About Emergency Stairs

Emergency Stairs is a Singapore-based international experimental arts group. 

Since its founding in 2017, Emergency Stairs has quickly established itself as one of the representative experimental arts groups in Singapore, and is regularly invited to perform and exchange in more than 15 cities around the world.

Under the leadership of Artistic Director Liu Xiaoyi, Emergency Stairs has created a body of works that challenges the existing boundaries of theatre making. The company has also devoted itself to cross-cultural and cross-media art forms development by initiating international exchanges, the cultivating of cultural leadership among artists, and promoting arts research and arts criticism.

Emergency Stairs endeavours to be a leading cultural institution in the region.

Vision and Mission


Arts are revolutionary. Emergency Stairs continually destructs and reconstructs our perceptions towards arts, life and the world. 


We are committed to building an alternative laboratory to challenge our cultural environment. Through the act of crossing-over between art forms, disciplines, cultures and cities, we create self-reflexive and irreverent artworks which disrupts and challenges existing notions of art-making, we create platforms and networks which cultivate cultural leaders and promote cultural exchange.


A Letter To Our First Three Years

Dear 2017 to 2020,

Perhaps it is convenient to define Emergency Stairs simply as an experimental theatre group that does not pander to mainstream taste, but Emergency Stairs was set up with a larger dream in mind.

Emergency Stairs’ mission was in part, a response to the state of our arts scene in Singapore. Based on our observations as theatre practitioners for the past two decades, the theatre scene in Singapore has gradually fallen into a fixed and stagnant cycle, on a loop- stagnant creation, stagnant evaluation, stagnant audience and stagnant funding models. 

Creativity and innovation have become trade-offs for stability, charted growth and meeting key performance indicators (KPIs). Instead of focusing on creation and creativity, the focus of the scene has shifted to that of managing funding requirements under the slogan of accountability. For a long time, the development model of established arts groups in Singapore has been relatively linear: setting up arts groups, applying for government funding, producing programmes that meet the contractual KPIs, and then applying for the next cycle of funding…. This stable and stagnant model might give art groups a safe haven to create but the trade-off is that we lose our autonomy, flexibility, openness and the courage to critique.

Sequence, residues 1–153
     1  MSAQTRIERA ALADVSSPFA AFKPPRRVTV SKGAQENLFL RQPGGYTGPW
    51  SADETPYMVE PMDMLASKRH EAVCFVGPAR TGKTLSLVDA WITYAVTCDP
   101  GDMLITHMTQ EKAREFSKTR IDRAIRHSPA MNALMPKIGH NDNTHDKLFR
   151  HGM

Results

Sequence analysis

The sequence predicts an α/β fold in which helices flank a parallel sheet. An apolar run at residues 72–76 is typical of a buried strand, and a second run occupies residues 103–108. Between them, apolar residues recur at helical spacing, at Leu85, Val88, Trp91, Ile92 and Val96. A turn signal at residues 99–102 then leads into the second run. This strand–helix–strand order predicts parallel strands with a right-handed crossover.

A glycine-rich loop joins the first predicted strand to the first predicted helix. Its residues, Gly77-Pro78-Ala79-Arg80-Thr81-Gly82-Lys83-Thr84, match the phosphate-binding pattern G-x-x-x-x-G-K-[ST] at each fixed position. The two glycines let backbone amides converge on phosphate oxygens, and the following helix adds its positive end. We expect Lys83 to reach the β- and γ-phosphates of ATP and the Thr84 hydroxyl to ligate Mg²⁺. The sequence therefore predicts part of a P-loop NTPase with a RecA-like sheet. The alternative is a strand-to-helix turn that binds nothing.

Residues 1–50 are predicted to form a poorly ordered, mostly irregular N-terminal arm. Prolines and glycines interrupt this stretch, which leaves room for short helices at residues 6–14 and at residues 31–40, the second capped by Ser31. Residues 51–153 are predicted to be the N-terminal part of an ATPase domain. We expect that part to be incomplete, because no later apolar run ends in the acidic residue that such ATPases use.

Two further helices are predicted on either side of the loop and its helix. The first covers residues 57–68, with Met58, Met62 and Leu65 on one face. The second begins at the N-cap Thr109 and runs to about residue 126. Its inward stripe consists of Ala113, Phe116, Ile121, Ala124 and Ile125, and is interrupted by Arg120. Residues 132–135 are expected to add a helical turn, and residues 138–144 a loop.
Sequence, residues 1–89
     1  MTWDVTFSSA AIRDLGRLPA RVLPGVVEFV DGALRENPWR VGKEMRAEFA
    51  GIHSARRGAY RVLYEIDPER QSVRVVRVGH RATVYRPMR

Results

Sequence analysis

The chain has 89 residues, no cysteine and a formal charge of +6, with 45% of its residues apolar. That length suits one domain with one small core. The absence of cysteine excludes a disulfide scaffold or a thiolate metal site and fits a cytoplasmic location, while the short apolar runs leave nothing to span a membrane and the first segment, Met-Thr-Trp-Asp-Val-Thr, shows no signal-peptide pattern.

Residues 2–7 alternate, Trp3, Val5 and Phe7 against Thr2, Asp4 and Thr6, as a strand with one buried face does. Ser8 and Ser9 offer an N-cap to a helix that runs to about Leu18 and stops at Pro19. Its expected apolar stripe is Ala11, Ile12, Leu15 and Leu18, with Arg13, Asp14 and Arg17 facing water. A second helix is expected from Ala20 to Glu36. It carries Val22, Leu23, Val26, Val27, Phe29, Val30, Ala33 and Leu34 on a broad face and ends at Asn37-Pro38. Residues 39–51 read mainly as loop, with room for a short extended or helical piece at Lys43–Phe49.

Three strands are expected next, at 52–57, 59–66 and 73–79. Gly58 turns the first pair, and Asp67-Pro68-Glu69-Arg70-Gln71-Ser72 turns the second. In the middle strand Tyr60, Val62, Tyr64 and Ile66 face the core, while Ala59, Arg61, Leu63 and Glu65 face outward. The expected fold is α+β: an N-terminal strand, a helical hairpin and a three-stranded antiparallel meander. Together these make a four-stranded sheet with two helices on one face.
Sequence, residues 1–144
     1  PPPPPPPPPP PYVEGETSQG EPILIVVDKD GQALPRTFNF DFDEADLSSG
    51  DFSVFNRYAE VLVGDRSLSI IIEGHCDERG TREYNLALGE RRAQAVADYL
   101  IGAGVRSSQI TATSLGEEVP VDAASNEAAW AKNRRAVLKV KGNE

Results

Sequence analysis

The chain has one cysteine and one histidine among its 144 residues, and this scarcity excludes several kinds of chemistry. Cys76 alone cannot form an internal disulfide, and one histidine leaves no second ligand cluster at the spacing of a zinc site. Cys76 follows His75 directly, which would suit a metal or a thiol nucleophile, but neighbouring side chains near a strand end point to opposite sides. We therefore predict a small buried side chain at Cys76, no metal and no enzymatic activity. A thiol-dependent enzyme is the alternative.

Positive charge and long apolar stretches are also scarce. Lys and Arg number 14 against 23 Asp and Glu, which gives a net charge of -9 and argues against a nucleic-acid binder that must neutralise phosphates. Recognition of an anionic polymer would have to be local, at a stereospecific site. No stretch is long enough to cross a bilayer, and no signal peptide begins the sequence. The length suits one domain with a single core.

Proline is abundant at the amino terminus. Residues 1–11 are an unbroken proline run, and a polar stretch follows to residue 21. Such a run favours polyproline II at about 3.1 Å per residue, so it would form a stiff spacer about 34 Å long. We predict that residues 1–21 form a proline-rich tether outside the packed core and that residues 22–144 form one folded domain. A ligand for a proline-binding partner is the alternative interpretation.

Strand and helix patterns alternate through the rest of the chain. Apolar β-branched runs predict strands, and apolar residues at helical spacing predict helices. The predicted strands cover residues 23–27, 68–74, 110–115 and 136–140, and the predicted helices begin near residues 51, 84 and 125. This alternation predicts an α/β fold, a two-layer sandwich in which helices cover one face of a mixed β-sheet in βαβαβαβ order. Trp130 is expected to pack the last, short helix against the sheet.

Especially for a small experimental outfit like Emergency Stairs, entering the Major Company Scheme would necessitate diverting our focus and limited resources away from art-making into developing organisation capacity and meeting largely quantitative key performance indicators. Similar to us, most arts companies in Singapore are relatively small and they are heavily reliant on state funding to sustain their operations to meet their artistic missions. And we become protective of the framework we have helped to perpetuate.

So where does Emergency Stairs fit in the grand scheme of things?

We believe that artistic creation should always dialogue with, negotiate with and challenge the existing cultural forms, cultural systems and cultural environment. We also believe that we should always dialogue with and learn from other forms, systems and environments, in order to continuously evolve in our thinking and in our practice. Only with that would we be able to develop alternative models and achieve the development of arts in tandem with the larger environment- one that is fluid, revolutionary, relevant and critical to our times and ethos.

In 2017, Emergency Stairs was incorporated as a Company Limited by Guarantee and funded under the National Arts Council Seed Grant scheme. By the end of the fixed three-year grant cycle in 2020, Emergency Stairs made the decision not to pursue the Major Company Scheme. 

In the three years under Seed Grant funding, we have achieved much- we have built networks with 70 cultural and arts institutions in 39 cities, created a small but outstanding body of works in Singapore and with our partners in other cities, set up platforms such as Southernmost, Emergency Shelter and One Table Many Chairs to encourage exchange and incubation. And we have established ourselves as a nimble outfit with a knack for creating alternative content.

From the onset, we have never seen ourselves as a service provider of creative programmes since there is no lack of that in Singapore. In our opinion, artistic creation is more than putting up a show, it is also the enrichment of the cultural landscape of a city, and should rightfully be concerned with the cultural workforce, the cultural policy and the larger cultural environment of a city, which we are part of.

So how do we go from here? 

In the interlude between Seed Grant and a funding limbo, we sat down and we revisited our mission and our vision. How can we challenge existing institutional frameworks if we are so eager to join them and be them? In the end, we decide to forgo the security of a regular funding scheme and instead seek an alternative model, one closer to what Emergency Stairs stands for, so that we can be more directive in driving our artistic mission. We believe that by venturing on a new path, we can demonstrate an alternative mode of arts institution in Singapore.

Emergency Stairs will continue the journey to nowhere but our dream.


Liu Xiaoyi

31 Dec 2020

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